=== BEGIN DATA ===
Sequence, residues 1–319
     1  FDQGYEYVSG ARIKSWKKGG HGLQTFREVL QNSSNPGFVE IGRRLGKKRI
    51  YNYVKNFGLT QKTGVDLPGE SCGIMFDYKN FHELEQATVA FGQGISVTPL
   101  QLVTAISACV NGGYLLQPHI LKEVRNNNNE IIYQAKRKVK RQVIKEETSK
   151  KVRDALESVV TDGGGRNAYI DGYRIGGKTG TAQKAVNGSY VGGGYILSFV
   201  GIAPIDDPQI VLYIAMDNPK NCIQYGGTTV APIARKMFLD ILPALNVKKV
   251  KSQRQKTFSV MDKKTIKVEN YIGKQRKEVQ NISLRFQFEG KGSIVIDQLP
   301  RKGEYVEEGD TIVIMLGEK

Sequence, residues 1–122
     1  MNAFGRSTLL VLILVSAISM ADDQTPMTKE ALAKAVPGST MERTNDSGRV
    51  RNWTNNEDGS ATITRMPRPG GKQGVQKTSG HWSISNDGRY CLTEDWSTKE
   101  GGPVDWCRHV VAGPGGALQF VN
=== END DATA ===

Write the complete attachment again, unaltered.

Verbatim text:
Sequence, residues 1–319
     1  FDQGYEYVSG ARIKSWKKGG HGLQTFREVL QNSSNPGFVE IGRRLGKKRI
    51  YNYVKNFGLT QKTGVDLPGE SCGIMFDYKN FHELEQATVA FGQGISVTPL
   101  QLVTAISACV NGGYLLQPHI LKEVRNNNNE IIYQAKRKVK RQVIKEETSK
   151  KVRDALESVV TDGGGRNAYI DGYRIGGKTG TAQKAVNGSY VGGGYILSFV
   201  GIAPIDDPQI VLYIAMDNPK NCIQYGGTTV APIARKMFLD ILPALNVKKV
   251  KSQRQKTFSV MDKKTIKVEN YIGKQRKEVQ NISLRFQFEG KGSIVIDQLP
   301  RKGEYVEEGD TIVIMLGEK

Sequence, residues 1–122
     1  MNAFGRSTLL VLILVSAISM ADDQTPMTKE ALAKAVPGST MERTNDSGRV
    51  RNWTNNEDGS ATITRMPRPG GKQGVQKTSG HWSISNDGRY CLTEDWSTKE
   101  GGPVDWCRHV VAGPGGALQF VN